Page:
CPUSA and YCL march for abortion rights and LGBTQ equality

BY: Cameron Orr| June 29, 2022
CPUSA and YCL march for abortion rights and LGBTQ equality


Responding to the decision of the extreme-right–dominated Supreme Court to overturn Roe, many tens of thousands — some estimated as many as 100,000 — gathered for a rally and speak-out in NYC’s Washington Square Park, and then marched up to Union Square, before continuing in a few different directions. Among them was a contingent of about a dozen members of the CPUSA and NY YCL.

“It was definitely one of the largest actions I’ve seen since the summer of 2020, during the George Floyd uprising,” NY YCL member Bonnie C. says.

“Fight, fight, fight! Abortion is a human right!” the NY YCL shouted into their megaphone, leading a group of protesters around them in the chants. Among these were Justine Medina, one of the NY YCL co-chairs and Khadija Haynes, a member of the NY YCL and the CPUSA Brooklyn club. “If we don’t get it, shut it down!”

“Many of the speakers talked about how Black and brown women are going to be disproportionately affected by the gutting of Roe v. Wade,” Haynes noted. “Particularly in ‘red’ states, people are not going to have access at all.”

Speakers also touched on the issue of voter suppression. Racist voter suppression has been key to extreme-right takeovers — not only nationally and in the case of the Trump-appointed Justices — but also in states where they have put in place “trigger laws” that automatically banned abortions as soon as the right-wing justices undemocratically imposed their views of abortion on the country. “The protest wasn’t just about abortion, but all of its intersections with different issues, including labor rights,” Haynes added.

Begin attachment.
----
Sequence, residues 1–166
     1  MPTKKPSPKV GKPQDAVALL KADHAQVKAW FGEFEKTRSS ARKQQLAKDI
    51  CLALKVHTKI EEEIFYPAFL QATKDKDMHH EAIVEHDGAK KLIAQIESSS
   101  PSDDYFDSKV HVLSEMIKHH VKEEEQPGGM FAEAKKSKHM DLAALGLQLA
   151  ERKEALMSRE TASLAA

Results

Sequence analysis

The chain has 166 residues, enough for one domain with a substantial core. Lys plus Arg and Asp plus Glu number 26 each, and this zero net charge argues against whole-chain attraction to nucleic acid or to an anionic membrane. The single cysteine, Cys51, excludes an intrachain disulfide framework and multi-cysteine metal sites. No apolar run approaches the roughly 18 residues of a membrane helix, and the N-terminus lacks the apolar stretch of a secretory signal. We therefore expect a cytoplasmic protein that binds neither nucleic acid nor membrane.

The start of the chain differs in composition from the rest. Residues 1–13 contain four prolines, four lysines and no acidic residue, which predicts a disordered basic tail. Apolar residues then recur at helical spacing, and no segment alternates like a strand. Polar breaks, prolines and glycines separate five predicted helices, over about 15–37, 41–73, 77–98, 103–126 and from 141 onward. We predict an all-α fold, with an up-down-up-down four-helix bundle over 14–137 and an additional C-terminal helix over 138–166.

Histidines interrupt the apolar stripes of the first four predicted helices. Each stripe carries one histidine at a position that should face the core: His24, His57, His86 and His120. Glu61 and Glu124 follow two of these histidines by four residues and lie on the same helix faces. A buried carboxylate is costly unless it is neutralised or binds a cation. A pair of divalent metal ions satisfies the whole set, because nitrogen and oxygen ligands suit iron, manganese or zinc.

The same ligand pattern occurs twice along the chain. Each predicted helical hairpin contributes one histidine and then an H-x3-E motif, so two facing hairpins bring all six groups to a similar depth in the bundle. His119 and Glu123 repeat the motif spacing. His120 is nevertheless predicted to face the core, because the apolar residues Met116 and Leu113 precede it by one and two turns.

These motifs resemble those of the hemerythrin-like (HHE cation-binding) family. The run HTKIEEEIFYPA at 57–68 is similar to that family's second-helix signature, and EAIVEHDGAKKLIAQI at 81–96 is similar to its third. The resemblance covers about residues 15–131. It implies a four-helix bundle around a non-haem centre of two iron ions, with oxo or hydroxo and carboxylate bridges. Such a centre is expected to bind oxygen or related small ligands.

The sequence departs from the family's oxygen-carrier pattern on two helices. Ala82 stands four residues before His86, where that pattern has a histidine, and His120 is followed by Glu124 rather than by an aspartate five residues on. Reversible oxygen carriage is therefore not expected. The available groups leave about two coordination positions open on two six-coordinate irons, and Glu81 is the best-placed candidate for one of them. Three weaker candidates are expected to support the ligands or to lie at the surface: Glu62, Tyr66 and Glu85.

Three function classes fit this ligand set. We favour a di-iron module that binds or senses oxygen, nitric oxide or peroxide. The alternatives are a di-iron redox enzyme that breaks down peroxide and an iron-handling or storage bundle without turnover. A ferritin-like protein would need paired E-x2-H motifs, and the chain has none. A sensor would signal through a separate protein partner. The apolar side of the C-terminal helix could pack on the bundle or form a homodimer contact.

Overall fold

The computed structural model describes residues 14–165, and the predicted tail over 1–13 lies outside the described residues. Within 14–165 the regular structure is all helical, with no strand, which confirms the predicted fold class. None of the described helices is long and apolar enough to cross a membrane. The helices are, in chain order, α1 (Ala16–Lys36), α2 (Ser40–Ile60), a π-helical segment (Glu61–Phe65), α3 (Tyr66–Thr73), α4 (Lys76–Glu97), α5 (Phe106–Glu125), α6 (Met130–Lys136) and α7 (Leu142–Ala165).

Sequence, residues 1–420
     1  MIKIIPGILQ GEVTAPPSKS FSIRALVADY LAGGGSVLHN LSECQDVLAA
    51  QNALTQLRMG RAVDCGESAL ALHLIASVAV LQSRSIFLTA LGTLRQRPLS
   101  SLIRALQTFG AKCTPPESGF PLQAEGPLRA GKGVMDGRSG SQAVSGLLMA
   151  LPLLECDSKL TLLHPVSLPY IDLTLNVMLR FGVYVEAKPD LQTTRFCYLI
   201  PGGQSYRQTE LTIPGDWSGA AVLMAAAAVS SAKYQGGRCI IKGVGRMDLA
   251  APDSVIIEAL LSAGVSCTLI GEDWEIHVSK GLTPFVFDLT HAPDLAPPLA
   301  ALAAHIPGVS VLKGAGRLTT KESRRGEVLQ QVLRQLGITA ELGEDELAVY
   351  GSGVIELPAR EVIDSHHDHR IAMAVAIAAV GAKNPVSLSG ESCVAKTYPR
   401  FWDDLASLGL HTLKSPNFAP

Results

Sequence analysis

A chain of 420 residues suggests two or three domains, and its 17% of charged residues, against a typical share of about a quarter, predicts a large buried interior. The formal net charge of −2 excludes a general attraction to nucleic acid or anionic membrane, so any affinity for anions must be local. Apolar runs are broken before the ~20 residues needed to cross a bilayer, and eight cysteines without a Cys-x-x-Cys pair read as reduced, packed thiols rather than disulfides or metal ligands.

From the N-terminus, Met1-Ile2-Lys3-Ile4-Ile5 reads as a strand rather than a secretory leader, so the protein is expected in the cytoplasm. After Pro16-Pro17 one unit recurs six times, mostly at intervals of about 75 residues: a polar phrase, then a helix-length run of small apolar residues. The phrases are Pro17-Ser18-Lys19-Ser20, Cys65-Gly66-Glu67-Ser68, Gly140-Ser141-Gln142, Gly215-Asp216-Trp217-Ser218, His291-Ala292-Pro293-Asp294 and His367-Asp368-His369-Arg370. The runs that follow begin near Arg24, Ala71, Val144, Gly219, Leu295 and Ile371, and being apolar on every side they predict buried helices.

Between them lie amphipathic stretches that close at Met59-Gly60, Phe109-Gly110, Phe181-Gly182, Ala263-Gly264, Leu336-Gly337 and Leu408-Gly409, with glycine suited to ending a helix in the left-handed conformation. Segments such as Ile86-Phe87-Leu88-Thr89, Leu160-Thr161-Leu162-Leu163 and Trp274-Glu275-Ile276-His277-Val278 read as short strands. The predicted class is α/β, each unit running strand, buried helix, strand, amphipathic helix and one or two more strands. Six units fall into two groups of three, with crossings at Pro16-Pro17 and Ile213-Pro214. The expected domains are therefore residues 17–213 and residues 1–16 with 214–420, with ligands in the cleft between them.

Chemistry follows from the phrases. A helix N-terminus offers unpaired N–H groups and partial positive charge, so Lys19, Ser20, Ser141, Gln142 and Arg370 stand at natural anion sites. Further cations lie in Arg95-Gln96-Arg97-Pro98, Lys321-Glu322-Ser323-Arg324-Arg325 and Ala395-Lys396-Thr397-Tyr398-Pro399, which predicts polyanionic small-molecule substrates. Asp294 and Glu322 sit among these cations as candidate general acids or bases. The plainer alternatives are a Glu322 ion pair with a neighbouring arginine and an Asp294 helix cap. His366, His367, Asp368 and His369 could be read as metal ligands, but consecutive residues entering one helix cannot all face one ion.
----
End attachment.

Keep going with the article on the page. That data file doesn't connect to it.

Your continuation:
In addition to the mass anger and growing alarm regarding the Republican Party–led fascist danger, Bonnie C. pointed out the frustration people have with some Democratic Party politicians who use the fascist danger to garner votes, without using their office to push back forcefully. “That’s why primary elections are so important, to bring new people into office that are actually going to fight, and be radical for the sake of saving lives.”

Marching for LGBTQ rights

Not insignificantly, the SCOTUS attack occurred in the middle of Pride Month. Two days after protesting the court, CPUSA and YCL members in New York once again put on their marching shoes, this time to join several thousand people for the Queer Liberation March, which gathered in Foley Square and marched up to Washington Square Park.

There they distributed a couple hundred copies of the CPUSA pamphlet Queer Liberation’s Communist Party Roots — which points out the close historical link between the oppression of women and of LGBTQ people — and the Party’s statement All out to Defend Abortion Rights! CP and YCL members described a very strong political presence there, with people drawing the connections between LGBTQ equality, abortion rights, racial justice, and other issues.

“They were pretty receptive to the literature we were passing out,” Bonnie C. reported. “I’m glad that we’re showing up to everything and being a visible presence.”

“A lot of people were drawn by our red flags, wanting to know how to join the Party, and we recruited a few people,” Haynes says.

Medina described the atmosphere of the protests as “militantly democratic,” recalling chants of “the Supreme Court has got to go!” “Masses of workers are grappling with the fundamentally undemocratic nature of the Court,” she said. “‘Christian’ fascism on the rise is incredibly scary, but there is potential for a broad popular front. I think the Party and YCL have a unique opportunity and responsibility to help connect the different progressive, grassroots, professional, nonprofit, and union organizations coming together to take practical action to keep women, LGBTQ, immigrant, Black and brown, and all people safe.”

“This mass movement of millions of people around the country fighting against oppression, and against fascism is the center of where the CPUSA and YCL need to be,” says the NY YCL’s other co-chair K. Gandakin. “Our task is to participate and develop it as much as possible.”

Images: NYC CPUSA & YCL.


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